Only two days removed from the announcement that Newsweek‘s David Ansen would be taking over as the artistic director of the Los Angeles Film Festival, the L.A. Weekly‘s chief film critic Scott Foundas has taken the Associate Program Director gig at the Film Society of Lincoln Center, where he had previously served as part of the New York Film Festival’s selection committee. Whether or not Foundas’ position at the Weekly will actually be filled remains to be seen and all of this comes a week after Variety critic Robert Koehler completed his first turn as a programmer at Los Angeles’ AFI Fest, which has been generally considered to be a success. (And whether this was on the mind of Foundas when he wrote a glowing cover story about Koehler’s transition to programming the AFI Fest is equally questionable.)
As Sarasota Film Festival director of programming Tom Hall aptly put it when he heard the Ansen announcement, the recent hires have made “the idea of film programming sound a little bit like a bomb shelter.” While it’s obvious a steady gig holds great appeal for the practitioners of a profession under siege, you’ll notice that these film critics are turning into programmers in New York and Los Angeles, places that appreciate a little star power and what better way to add a little pizzazz to your staff list than to hire a recognizable name. Ironically, if Koehler’s recent turn at AFI is any indication, recognizable names may not be the order of the day for these film festivals when actually picking which movies to play, something that could be a welcome change from the vanity projects that so often litter U.S. festivals or spell disaster when trying to attract audiences who want something to hang their hat on.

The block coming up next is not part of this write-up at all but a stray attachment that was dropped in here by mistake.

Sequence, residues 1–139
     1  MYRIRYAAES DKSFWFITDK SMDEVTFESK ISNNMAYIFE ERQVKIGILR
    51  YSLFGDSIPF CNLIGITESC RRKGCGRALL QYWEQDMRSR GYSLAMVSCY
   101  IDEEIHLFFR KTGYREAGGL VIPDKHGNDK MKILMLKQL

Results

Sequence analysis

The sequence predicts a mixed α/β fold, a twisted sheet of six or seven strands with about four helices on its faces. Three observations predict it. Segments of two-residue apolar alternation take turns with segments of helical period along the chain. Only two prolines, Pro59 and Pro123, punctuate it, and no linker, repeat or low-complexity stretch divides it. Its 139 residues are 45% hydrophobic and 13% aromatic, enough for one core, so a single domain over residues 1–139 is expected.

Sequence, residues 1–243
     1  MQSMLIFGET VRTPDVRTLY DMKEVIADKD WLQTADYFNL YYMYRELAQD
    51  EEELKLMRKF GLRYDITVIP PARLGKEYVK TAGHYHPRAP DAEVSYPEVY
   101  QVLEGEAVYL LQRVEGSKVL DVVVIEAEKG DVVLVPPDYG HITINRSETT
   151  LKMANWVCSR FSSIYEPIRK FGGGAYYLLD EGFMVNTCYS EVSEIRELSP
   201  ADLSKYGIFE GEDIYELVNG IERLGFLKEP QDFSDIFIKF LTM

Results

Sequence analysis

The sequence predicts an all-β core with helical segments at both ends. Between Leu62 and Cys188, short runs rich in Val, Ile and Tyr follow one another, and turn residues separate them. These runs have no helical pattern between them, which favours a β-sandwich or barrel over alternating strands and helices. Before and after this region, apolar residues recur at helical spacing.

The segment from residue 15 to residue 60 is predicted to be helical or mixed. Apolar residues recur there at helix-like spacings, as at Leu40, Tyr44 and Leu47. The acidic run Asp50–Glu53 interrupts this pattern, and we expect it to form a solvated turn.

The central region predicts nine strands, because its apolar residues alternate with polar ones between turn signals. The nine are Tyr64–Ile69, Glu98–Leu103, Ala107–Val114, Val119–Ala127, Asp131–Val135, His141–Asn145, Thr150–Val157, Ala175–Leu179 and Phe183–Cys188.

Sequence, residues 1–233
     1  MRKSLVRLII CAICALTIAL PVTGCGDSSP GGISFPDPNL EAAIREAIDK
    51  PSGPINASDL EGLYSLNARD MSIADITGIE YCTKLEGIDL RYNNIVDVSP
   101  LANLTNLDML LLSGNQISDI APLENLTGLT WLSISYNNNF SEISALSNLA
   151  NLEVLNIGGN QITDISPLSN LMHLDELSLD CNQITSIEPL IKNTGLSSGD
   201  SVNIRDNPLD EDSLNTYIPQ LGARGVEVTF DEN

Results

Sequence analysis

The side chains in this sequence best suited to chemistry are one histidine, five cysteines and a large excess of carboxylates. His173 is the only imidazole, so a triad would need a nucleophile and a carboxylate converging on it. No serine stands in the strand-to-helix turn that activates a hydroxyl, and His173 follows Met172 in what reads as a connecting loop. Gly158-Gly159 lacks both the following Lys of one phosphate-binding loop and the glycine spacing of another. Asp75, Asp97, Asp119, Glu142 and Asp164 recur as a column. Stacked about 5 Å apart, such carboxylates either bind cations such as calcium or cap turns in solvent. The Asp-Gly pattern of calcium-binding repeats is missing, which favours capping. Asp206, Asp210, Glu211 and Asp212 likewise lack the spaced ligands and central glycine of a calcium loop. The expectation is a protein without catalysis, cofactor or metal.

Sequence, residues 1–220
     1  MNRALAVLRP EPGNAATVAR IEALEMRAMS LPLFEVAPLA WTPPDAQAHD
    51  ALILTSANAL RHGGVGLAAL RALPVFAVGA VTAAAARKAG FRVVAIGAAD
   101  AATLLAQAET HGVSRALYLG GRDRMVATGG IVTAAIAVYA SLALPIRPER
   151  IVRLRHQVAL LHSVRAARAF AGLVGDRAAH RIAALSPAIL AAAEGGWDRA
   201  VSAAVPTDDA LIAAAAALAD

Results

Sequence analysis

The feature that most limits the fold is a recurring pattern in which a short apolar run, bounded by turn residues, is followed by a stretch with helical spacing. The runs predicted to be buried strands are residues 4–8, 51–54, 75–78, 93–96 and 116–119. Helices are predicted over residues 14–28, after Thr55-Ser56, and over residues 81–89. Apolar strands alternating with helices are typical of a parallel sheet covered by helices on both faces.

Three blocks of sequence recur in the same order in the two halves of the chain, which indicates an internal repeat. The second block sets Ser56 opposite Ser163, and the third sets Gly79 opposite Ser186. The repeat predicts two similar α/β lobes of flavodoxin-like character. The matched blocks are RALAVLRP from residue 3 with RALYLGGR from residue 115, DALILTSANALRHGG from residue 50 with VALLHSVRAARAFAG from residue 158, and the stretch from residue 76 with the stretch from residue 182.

As Hall notes, the beauty of the recent AFI Fest was that it was free, meaning that one didn’t need to be all that adventurous to take a chance on Philippe Grandrieux’s “A Lake,” but as he adds, “When you’re dealing with a sponsor driven, non-profit event, you can’t show all the movies you love.” And therein lies the challenge for Foundas (who will also work on year-around programs) and Ansen as they switch jobs from being held accountable to no one but themselves as critics to becoming the leaders of organizations that have to take the tastes of the public into account. Here’s hoping they succeed.
[Photo: “A Lake,” Shellac Distribution, 2009]